Category: Empowering Women (Page 1 of 2)

Empowering Women, Strengthening Families Life Coaches Help Women Find Purpose

Meet Life Coaches Cindy Hank Stark and Sue Casey

After earning her undergraduate degree at Notre Dame and her MBA at Northwestern, Cindy Hank Stark ran her own business. But she soon realized how many financial, mental health, and relationship challenges people face, and even though she was well-educated, she wanted to enhance her skills in order to help her staff and clients tackle some of these issues.

“Even though I had an MBA, I wanted to add some tools to my skill set to help empower others,” says Cindy, who alongside her husband, Paul, has been a Holt adoptive parent for the past 25 years. For 24 years, Cindy and Paul volunteered as temporary caregivers, providing short-term care and full-time love to newborns waiting to be placed into their adoptive homes by Holt.

Sue Casey, a mother of three and grandmother to three, is Cindy’s longtime friend. She has been a teacher for 25 years and currently teaches special education at an elementary school in the Chicago Public School system.

“Sue and I decided together to get a life-coaching certification where we learned how to help others identify their strengths and weaknesses, and create a plan for their life,” says Cindy.

As trained life coaches, Sue and Cindy now lead monthly workshops for the women in Holt’s Empowering Women, Strengthening Families (EWSF) program, where they work alongside program supervisor Beth Ilnyckyi and social worker Loann Tan.

The comprehensive EWSF program provides case management support for eligible pregnant and parenting parents who seek to strengthen their family and are willing to work towards the goal of self-sufficiency.

The idea for the life-coaching workshop series came about a couple years ago during a brainstorming session between Holt Domestic Adoption & Birth Parent Services director Nancy Crouch, Loann, and Cindy.

“It was Nancy’s vision that got this going,” says Cindy.

In-person workshop prior to COVID

As they talked about what types of skills they wanted women to learn — such as self-esteem, budgeting, and healthy relationships — Cindy soon realized their ideas aligned with what she and Sue do as life coaches.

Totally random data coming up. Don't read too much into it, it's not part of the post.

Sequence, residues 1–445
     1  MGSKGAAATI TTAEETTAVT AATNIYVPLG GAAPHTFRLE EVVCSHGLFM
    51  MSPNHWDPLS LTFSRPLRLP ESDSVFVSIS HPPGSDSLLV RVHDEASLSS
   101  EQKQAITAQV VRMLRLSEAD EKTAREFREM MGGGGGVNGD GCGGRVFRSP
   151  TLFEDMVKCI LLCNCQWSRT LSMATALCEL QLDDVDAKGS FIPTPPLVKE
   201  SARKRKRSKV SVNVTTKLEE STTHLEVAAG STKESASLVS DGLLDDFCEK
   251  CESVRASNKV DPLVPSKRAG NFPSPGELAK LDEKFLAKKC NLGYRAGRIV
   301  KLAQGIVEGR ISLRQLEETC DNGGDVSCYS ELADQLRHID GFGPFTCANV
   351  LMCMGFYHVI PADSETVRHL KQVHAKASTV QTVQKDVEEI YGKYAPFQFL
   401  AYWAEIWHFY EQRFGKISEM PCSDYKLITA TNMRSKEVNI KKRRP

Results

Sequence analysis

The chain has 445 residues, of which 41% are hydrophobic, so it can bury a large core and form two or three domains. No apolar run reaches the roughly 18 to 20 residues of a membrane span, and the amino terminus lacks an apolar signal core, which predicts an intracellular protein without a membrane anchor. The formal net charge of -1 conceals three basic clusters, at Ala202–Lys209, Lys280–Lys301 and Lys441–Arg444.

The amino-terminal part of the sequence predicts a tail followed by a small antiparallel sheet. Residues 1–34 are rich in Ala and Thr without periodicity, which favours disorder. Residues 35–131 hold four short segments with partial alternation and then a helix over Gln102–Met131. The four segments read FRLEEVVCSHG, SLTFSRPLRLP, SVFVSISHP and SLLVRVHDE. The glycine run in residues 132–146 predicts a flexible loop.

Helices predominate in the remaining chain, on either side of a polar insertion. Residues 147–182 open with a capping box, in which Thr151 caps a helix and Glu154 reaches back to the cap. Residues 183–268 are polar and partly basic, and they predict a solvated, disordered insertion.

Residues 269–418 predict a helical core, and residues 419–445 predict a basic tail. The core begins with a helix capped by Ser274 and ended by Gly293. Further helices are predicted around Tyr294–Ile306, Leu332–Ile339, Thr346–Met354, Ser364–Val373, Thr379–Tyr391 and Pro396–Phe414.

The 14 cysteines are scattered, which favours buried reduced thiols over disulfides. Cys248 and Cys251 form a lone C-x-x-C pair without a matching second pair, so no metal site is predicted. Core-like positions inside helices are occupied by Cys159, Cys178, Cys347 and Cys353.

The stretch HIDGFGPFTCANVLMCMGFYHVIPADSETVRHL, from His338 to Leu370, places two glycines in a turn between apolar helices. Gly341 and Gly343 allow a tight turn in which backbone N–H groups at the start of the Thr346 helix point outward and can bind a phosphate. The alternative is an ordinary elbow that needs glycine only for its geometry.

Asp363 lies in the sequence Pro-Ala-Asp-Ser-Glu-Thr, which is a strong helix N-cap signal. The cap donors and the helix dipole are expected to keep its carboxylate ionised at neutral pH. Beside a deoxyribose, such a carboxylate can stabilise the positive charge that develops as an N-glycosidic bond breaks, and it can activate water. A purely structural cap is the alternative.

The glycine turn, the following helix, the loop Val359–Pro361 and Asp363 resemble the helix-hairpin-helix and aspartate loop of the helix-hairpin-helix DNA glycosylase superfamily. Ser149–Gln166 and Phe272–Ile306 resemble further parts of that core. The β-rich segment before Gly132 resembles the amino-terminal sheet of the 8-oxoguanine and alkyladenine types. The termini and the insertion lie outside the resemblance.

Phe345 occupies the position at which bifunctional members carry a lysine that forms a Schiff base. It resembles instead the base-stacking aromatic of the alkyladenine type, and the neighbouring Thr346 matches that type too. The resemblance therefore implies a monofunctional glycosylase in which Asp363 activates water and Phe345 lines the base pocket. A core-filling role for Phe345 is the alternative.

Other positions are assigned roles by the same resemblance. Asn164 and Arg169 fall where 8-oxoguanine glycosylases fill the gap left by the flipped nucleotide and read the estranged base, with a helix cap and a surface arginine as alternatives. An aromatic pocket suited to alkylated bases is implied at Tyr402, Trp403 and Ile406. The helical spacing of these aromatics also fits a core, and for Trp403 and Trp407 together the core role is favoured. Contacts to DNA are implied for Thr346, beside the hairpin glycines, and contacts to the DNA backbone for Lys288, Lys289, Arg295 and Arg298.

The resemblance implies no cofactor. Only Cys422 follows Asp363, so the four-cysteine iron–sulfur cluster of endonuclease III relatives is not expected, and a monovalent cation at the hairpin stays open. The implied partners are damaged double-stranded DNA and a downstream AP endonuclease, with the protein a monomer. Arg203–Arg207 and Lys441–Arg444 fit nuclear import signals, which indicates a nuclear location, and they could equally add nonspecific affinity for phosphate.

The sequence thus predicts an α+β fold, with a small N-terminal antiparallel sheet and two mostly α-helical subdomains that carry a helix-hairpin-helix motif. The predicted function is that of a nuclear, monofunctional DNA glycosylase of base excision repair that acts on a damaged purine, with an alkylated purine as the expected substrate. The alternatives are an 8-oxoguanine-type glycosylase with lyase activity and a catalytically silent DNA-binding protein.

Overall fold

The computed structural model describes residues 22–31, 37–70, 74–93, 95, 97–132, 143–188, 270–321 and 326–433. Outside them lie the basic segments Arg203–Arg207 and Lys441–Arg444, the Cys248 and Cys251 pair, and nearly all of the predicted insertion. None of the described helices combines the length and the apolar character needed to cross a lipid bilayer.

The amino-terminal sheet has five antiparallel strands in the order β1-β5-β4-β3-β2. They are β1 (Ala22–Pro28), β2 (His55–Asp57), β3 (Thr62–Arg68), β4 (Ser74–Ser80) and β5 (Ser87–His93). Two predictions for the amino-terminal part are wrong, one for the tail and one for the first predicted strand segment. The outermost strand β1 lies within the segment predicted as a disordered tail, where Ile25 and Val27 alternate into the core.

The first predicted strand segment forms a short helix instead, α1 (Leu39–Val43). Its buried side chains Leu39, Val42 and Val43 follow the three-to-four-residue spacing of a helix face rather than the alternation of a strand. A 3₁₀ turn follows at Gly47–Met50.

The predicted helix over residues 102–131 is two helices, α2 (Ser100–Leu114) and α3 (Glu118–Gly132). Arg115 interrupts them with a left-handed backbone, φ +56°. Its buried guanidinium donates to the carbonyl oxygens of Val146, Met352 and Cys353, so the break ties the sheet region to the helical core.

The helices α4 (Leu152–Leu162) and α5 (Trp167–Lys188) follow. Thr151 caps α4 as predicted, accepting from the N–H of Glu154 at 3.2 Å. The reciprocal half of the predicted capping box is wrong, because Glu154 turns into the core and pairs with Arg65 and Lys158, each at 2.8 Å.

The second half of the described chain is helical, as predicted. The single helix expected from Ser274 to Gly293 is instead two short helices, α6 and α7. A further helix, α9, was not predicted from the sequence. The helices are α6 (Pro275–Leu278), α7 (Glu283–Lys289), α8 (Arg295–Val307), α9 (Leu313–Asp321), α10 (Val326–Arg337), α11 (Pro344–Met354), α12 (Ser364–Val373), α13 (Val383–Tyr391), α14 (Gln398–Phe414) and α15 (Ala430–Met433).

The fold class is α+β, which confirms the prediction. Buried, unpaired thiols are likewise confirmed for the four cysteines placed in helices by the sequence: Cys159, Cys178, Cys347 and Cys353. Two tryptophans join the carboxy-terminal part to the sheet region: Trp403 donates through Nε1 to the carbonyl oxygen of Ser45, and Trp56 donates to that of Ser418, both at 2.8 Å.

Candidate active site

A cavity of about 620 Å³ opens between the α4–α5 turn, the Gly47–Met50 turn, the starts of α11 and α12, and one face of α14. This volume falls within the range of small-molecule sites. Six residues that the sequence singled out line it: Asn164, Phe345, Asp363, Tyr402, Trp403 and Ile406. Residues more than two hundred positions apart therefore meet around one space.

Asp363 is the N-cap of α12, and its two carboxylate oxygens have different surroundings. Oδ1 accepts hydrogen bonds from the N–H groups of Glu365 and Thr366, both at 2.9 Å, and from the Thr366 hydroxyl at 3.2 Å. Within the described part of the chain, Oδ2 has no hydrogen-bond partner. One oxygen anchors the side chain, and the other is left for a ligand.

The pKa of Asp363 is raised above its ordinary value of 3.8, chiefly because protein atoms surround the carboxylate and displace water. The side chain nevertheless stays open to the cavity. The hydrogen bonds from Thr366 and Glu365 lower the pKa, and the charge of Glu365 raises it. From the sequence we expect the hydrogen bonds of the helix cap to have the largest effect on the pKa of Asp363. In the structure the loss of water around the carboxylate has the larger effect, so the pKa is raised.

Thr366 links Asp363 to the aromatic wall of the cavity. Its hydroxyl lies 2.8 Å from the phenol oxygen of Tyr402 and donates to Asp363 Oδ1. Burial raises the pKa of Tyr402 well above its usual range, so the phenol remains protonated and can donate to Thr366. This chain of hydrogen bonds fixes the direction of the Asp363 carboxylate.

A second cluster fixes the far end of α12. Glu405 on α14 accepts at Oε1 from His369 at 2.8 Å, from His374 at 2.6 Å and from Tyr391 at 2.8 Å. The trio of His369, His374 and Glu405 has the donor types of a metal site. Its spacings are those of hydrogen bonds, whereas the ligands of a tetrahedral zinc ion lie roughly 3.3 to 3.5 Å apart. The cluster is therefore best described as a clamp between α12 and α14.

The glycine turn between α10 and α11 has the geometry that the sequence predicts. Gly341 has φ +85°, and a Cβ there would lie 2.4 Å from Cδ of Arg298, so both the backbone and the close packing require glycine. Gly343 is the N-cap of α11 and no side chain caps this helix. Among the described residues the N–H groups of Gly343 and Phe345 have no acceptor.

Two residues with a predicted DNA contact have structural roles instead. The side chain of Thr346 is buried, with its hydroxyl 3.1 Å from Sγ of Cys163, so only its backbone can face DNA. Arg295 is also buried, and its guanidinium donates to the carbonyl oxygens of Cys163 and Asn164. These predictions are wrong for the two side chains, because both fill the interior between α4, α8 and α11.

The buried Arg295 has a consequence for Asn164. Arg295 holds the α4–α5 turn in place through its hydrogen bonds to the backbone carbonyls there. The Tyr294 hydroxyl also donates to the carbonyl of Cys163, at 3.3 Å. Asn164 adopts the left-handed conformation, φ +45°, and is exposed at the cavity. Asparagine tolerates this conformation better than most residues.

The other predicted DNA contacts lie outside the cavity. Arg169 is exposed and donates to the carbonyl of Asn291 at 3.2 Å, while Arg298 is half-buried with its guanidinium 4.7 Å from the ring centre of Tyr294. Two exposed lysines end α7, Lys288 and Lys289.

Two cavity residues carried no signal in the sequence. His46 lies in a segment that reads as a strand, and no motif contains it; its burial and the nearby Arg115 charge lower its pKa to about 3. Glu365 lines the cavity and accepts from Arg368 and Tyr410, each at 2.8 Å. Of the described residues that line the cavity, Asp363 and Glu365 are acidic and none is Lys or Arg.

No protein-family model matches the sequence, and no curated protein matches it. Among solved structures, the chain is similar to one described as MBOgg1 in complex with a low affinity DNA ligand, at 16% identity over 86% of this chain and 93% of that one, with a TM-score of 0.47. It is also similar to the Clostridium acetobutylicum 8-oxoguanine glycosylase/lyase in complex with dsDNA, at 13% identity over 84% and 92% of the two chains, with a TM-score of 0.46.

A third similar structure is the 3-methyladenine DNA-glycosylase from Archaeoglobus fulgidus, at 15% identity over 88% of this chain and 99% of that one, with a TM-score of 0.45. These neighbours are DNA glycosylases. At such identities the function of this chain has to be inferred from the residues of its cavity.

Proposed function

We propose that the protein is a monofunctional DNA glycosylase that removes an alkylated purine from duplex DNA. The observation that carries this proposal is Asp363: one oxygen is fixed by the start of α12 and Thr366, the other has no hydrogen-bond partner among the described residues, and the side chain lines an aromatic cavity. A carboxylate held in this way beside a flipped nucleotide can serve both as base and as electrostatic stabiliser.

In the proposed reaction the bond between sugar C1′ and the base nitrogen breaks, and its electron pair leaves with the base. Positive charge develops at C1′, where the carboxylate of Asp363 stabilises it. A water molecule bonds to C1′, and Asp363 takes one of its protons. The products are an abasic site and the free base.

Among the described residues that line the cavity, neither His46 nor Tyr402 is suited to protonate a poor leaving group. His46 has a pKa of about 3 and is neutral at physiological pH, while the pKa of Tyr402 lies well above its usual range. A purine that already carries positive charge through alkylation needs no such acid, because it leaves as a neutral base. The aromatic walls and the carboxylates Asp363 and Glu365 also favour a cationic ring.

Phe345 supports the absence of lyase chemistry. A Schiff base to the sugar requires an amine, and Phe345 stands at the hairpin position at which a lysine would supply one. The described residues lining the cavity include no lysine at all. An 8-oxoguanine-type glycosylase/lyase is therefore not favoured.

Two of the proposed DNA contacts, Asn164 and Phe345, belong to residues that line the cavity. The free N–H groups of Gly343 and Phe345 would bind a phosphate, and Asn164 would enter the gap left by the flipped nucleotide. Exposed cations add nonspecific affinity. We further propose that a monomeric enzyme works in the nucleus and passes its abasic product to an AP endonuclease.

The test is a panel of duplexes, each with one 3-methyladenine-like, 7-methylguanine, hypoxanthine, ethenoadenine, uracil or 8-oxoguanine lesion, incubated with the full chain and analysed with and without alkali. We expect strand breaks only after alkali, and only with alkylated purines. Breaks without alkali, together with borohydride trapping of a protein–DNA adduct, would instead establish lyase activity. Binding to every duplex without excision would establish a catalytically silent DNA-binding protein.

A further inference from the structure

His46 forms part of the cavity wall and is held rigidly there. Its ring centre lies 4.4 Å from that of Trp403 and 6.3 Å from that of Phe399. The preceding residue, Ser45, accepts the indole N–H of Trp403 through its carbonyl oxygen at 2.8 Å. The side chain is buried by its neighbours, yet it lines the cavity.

Sue recognized a skills-based workshop program would utilize both her life coaching and teaching strengths, and she came on board as the second facilitator alongside Cindy.

“We started working on this project and it became a passion,” says Cindy. “Even though we’re the facilitators, every time we do this, we learn something new.”

Tools to Create A Purposeful Life

Together, the EWSF team organized the life skills into eight modules and developed educational content such as worksheets and group exercises—all built around a tool called a “life wheel” that Cindy and Sue use as life coaches.

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A life wheel is a tool that allows a person to rate key areas of their life, such as family, spiritual, and career, with 1 being the lowest score and 10 the highest.

In the first of eight modules, a woman in the program creates her initial life wheel, which sets the foundation for the remaining workshops. Seeing these areas mapped out gives EWSF clients a clearer, visual snapshot of the areas of their life, so they can focus on specific areas of improvement.

”Hopefully we can help others through asking open-ended questions, finding their passion and purpose in their life, and [help them] become more confident in their daily living skills by putting more tools in their toolbox,” Cindy says.

SMART goals are another key concept of the workshops. Through this framework, women in the EWSF program develop specific, measurable goals, then work with Loann to take steps to meet those goals.

“Helping clients set SMART goals makes it easier for them to focus on being productive and motivates them, giving them a better chance of being successful,” says Loann. “It’s a thrill when they finally achieve their goals.”

Setting Women Up for Long-Term Success

After running a full session of in-person workshops last year, the team was able to reflect on the content presented and soon realized a comprehensive workbook would be an ideal tool to complement the workshops and organize the modules. The workbook would allow the women to refer back to the lessons and worksheets as they work on their goals, even after graduating from the program.

The team was thrilled with how the workbook turned out. “It’s a very thoughtful process,” Cindy reflects. “We begin in the perfect place, and we end in the perfect place, and everything in between has meaning.”